QLS SEMINAR - Activity driven pattern formation in microtubule network and cell membrane
Starts 2 Feb 2022 14:00
Ends 2 Feb 2022 15:00
Central European Time
ICTP, Central Area, 2nd floor, old SISSA building
Via Beirut 2
Self assembly of different globular and filamentous proteins in the eukaryotic cell throughout the entire cell cycle is ubiquitous and helps a cell to perform various tasks such as migration from one place to another, intake of food from the outside world, cell division, etc. The organization of individual microtubule filaments into bundles during the formation of the mitotic spindle is an example of such a phenomenon when a cell enters mitosis. At the beginning of prometaphase, experimentally it is found that at the midplane of a vertically oriented spindle, microtubules form a mist-like distribution which transits to well-formed droplet like structures as time progresses. We construct a free energy description of this system using the density of microtubules and cross-linking proteins as field variables considering attractive and repulsive interactions between them. Further, dynamical equations governing the time evolution of density fields are obtained by minimizing the free energy and incorporating a non-equilibrium process of microtubule polymerization and depolymerization. Linear stability analysis shows that the system transits from homogeneous distribution of microtubules to a phase consisting of multiple bundles of microtubules once the density of cross-linking proteins crosses a threshold and the bundles do not collapse into a single large bundle over time.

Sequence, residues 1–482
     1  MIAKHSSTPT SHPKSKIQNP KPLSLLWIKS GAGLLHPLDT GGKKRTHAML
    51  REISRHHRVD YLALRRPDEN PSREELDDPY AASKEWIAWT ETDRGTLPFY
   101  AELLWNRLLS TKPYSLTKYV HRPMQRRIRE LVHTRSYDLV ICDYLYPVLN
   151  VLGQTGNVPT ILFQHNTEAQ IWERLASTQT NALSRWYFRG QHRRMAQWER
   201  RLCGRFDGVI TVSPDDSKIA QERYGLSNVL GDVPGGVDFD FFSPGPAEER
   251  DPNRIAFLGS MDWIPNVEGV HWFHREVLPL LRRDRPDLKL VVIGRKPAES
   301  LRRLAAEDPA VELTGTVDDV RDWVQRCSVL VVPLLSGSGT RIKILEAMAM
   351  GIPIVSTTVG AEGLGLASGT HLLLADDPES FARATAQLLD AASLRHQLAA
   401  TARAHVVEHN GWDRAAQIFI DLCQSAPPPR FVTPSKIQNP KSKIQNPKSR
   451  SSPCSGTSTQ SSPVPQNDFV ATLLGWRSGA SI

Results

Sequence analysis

On the other hand, pattern formation on the cell membrane is linked with the contractile active force generated by the actomyosin cortex beneath it and outward push coming due to polymerization of filamentous actin attached to the membrane surface. Membrane associated proteins act as the nucleating centers of actin polymerization, and the proteins couple to the membrane surface in a curvature dependent manner modifying the local bending modulus of the membrane. These competing equilibrium and non-equilibrium forces acting on cell membrane allow a cell to deform, and mediate cell motility and division. We use coupled evolution of fields to perform linear stability analysis and numerical calculations. As activity overcomes the stabilizing factors such as surface tension and bending rigidity, the spherical membrane shows instability towards pattern formation, localized pulsation, and running pulsation between poles.
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